When eldercare comes knocking at the door, many people run in the opposite direction; but not you.
Just as childhood, adolescence, young adulthood, and middle age are developmental phases of life, you acknowledge that someone you care about is going to get old and that someone is going to need care and attention.
You may be living with your elders, or you might be picking up the phone and checking in every once in a while. Whatever the case may be, when there are older people in your life, and you’ve increased the amount of attention you give them, and you’re growing more concerned, you are a caregiver.
At first, eldercare may feel as if the rug has been pulled out from under you; you’re falling and grabbing for something—anything—steady to hang on to, and there’s nothing there. You laugh when things are sad; you cry when things go well. You never quite touch ground, and you soon realize that life is never going to be the same. People who once took care of you or walked by your side are now on another journey. You can walk with them for a while longer, then face the sad fact that they will ultimately leave you.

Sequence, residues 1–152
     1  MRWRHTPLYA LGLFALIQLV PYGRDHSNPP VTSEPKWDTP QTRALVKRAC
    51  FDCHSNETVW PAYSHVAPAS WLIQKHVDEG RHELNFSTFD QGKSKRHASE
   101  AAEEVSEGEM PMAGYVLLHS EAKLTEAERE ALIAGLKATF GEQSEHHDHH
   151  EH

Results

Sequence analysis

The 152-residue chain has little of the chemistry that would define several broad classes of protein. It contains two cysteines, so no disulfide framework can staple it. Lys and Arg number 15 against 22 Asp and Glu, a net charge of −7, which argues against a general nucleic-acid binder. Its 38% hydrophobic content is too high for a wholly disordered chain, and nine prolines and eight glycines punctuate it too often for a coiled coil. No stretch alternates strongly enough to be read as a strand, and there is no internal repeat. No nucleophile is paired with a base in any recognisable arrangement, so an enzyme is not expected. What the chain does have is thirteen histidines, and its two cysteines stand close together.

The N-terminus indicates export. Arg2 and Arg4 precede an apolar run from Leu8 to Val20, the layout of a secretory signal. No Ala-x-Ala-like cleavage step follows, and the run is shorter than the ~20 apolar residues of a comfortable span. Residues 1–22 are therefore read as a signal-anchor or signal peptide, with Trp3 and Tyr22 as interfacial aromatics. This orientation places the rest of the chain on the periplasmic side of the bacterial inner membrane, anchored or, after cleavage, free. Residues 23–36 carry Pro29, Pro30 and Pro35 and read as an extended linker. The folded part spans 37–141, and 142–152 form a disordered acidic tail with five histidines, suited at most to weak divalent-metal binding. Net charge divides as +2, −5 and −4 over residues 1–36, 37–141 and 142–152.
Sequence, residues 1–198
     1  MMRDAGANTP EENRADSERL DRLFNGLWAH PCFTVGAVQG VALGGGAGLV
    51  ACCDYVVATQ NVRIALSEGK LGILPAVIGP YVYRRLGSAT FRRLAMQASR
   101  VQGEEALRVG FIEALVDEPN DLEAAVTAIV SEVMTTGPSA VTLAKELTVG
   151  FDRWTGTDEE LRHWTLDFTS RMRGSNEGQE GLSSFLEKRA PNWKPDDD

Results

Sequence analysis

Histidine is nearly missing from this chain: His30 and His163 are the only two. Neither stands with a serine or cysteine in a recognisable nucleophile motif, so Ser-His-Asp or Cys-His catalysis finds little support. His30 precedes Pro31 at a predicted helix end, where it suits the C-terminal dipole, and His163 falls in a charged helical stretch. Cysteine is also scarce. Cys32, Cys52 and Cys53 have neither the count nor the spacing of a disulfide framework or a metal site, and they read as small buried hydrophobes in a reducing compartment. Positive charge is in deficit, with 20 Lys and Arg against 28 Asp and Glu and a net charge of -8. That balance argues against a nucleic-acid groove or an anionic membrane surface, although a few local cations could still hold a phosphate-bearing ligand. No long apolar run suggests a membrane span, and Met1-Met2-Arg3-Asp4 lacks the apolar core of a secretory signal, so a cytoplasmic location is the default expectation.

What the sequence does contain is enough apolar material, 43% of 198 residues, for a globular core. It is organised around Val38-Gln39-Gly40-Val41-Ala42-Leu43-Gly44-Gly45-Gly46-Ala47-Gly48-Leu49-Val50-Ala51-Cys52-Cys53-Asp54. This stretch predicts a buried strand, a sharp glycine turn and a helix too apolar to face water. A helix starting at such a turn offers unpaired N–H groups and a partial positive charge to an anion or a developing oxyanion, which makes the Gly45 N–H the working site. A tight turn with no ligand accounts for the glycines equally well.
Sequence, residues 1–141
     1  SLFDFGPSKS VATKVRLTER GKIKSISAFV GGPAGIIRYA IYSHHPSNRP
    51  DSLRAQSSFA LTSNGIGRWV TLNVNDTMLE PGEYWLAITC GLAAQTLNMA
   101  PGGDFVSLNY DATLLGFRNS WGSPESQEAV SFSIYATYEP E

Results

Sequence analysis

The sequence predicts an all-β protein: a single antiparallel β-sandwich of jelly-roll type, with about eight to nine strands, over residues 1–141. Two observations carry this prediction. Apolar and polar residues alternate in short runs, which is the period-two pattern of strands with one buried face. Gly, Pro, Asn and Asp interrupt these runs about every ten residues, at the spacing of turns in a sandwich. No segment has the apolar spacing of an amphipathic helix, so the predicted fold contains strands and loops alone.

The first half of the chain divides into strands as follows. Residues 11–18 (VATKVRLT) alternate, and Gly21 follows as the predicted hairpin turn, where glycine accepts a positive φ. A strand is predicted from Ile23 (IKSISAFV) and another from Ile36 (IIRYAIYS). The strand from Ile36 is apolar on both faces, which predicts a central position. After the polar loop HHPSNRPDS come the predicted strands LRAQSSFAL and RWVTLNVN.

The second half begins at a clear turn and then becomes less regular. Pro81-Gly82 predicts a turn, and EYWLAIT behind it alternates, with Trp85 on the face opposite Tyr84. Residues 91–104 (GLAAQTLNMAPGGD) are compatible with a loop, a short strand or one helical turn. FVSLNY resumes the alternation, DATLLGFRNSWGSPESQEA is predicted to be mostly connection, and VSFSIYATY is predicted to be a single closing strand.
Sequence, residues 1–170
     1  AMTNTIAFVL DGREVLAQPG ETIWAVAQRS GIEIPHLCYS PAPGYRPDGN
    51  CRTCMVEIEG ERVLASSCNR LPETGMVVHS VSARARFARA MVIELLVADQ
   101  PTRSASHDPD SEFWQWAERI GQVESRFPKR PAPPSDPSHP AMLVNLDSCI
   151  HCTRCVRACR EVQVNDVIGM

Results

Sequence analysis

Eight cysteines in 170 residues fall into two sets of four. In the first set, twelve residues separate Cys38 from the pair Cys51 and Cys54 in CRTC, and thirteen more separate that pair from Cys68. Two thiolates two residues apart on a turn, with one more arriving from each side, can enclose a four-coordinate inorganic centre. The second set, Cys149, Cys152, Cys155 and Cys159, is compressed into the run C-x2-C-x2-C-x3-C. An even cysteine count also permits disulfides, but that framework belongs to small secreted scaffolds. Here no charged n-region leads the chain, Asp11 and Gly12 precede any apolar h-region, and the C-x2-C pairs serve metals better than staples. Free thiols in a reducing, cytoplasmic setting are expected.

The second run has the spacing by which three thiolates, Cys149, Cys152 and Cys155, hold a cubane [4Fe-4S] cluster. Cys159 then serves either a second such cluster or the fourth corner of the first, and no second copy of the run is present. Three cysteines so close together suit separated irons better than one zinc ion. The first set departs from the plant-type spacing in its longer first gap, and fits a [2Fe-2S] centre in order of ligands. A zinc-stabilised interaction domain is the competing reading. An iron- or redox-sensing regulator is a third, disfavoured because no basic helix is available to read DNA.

The caregiving journey will take you to places unimaginable, and in the process you will learn more about yourself than ever before. Each day has the potential to bring to the surface life-altering issues and events that offer you the opportunity to develop skills and talents you never knew you had—resourcefulness, stamina, flexibility, and faith, to name a few.
You won’t come away from the caregiving experience the same as when you started, nor will you look at life, and death, in the way you did before. While even the kindest and most gracious older people can be difficult and demanding at times, ideally, you’ll find a way to respond to them with empathy and love. Or you may tolerate your elders out of guilt and fear the burdens they represent but beware of falling into the pity pit. Do not be blinded by the problem-solving elements of eldercare or you’ll miss the valuable lessons they have to teach.
The simple truth about elders is this: They want their lives to be validated, and they do not want to die alone. Go to them as best you can and you will be rewarded handsomely.
Eldercare wakes up the soul and brings us face-to-face with our own mortality. Eldercare teaches us to live in the present and is the conduit that serves as a daily reminder of what is ultimately important in our lives.